Lewis served as President of the Construction Managers Association of America (CMAA) which meant that he also had a position on the Student Advisory Board (SAB) for the CCEE department. Lewis took the lead on finding a way for firms with ties to the department to better reach students. “I learned to listen to all perspectives, evaluate the most valuable portions of those perspectives, and then integrate them into the overall plan,” Lewis explains. He also held a leadership role during the campus event known as Shack-A-Thon, which is a fundraiser for the campus chapter of Habitat for Humanity. “We had to design, order and obtain the materials, then build it,” Lewis said. It was a good fit for a construction engineering major, with a passion for construction management. “I grew up in it,” Lewis relays. Both his parents are graduates of CCEE. During his high school years, he worked during the summers for Beam Construction, a North Carolina firm his grandfather began over 90 years ago, which is today run by his Mother and Uncle.
Lewis has accepted a position with Holder Construction in Salt Lake City, Utah, where his initial duties will include working on the Salt Lake City airport terminal project.
2018 Senior Award for Citizenship and Service
As early as his freshman year, John Merrill found a way to combine his engineering and humanitarian interests by joining the NCSU Chapter of Engineers Without Borders (EWB-NCSU). That year he became involved with the chapter’s Sierra Leone Water Project, and the next year he was appointed as the team’s international Project Manager. “The opportunity to have tangible and transformative impacts through international development drew me to EWB-NCSU,” Merrill said. He led a twenty-person team through the design, and construction of a potable water system for a school in Sierra Leone. In early 2017 he traveled to West Africa with a seven-person team to oversee the drilling of a water supply well and installation of a hand pump. For the first time, 700 students and teachers at a community school had access to clean water for drinking, sanitation, and hygiene needs. In May 2018, just days after he graduates, he’ll again travel to Sierra Leone to implement the design and installation of a solar-powered pumping, storage, and water distribution system.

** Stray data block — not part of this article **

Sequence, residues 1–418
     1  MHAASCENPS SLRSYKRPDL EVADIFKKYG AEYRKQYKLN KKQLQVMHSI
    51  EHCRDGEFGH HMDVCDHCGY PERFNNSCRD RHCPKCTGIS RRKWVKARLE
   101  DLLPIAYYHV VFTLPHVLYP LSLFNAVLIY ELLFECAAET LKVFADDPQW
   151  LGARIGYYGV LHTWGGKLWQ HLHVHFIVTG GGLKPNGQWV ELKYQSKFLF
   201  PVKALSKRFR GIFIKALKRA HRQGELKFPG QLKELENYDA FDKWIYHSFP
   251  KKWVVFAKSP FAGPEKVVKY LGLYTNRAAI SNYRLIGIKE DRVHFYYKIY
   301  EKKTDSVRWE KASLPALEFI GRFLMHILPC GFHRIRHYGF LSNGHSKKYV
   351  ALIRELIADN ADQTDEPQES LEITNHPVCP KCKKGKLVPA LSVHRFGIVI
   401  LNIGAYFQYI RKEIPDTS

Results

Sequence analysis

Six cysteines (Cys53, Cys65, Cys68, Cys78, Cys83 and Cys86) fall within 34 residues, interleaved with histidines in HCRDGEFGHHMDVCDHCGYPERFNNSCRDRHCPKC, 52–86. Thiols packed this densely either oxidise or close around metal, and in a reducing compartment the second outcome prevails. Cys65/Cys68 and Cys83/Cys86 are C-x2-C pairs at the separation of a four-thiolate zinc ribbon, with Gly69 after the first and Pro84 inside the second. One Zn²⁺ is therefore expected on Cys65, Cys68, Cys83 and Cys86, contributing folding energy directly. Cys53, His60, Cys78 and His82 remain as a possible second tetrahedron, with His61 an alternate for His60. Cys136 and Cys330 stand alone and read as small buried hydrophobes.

In addition to the rigorous demands of his academic work, and his involvement in EWB, Merrill has also worked as an undergraduate research assistant and has been involved in testing household water filters for removal of contaminants found in North Carolina drinking water.
“I am very grateful to have attended a university that has provided such enriching opportunities for me to develop as an engineer, researcher, and leader while conducting work that is beneficial to local and global communities.”
John Merrill (BSENE 2018)
Merrill has accepted a position with Geosyntec in their Oakland, California, offices where he will be working on solutions for industrial and emerging contaminants. “I am interested in graduate school, but for now I am very excited about developing an understanding of current practices within the consulting realm,” Merrill said.